Stevie Ray Vaughan released four studio albums, a live album and a Vaughan Brothers album, not to mention enough leftover live and studio material to fill several posthumous albums and a box set. He even found the time to perform on albums by several other artists — from Teena Marie to Stevie Wonder to Don Johnson — very often with fiery results.
The new issue features Dream Theater and their Lord of the Strings, John Petrucci, who raises the bar for six-string (and sometimes seven-string) fretboard wizardry on the band's new self-titled album. Petrucci also gives us an in-depth look at his new Music Man JP13 signature ax.
Why should guitarists have all the fun? GuitarWorld.com recently launched a readers poll in partnership with Samson — the Greatest Rock Singers of All Time! We're certain that, even though our core readership is mainly made up of guitarists from different genres, locations and age groups, you — like us — have strong opinions about the skills (or lack thereof) of some of rock's most legendary singers.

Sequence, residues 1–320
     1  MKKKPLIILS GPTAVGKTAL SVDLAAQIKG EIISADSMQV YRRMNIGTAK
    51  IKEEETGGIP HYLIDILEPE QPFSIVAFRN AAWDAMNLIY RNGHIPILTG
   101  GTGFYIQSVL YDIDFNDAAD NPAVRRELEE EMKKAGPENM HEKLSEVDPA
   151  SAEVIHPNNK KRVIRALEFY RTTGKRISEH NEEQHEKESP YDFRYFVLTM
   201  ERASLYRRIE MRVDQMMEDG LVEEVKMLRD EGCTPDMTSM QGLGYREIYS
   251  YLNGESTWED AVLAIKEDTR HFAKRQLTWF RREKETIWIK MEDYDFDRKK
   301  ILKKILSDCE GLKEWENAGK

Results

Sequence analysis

It’s impossible to think about '80s rock without vibrant visuals of half-naked dudes prancing around stage wearing more makeup and hair product than a horde of groupies. Even though the period broke almost every unwritten rule of rock and roll, it became one of its most successful sub-genres. So, what if this current '80s revival is stronger than we realize and hair metal rises from the ashes like a Spandex and lace-clad phoenix?
The band, led by Quinn and singer Biff Byford, are nearing the end of a lengthy US tour in support of their 2013 album, Sacrifice, along with Fozzy. You can check out the band's current tour dates right here. We recently tracked down Quinn to discuss the tour, the band's legacy and Sacrifice.
It’s probably not a coincidence that effects such as wah pedals and fuzz boxes started appearing en masse about the same time that recreational drugs like marijuana and LSD became popular with rock musicians.
It’s not unusual to find a guitar with a “hockey stick” headstock, but a guitar made out of actual hockey sticks is an entirely different matter. For luthier and lifelong hockey fan John Burgess of London, Ontario, it made perfect sense to build a guitar body out of the implements, although doing it proved more difficult than scoring a goal against Henrik Lundqvist.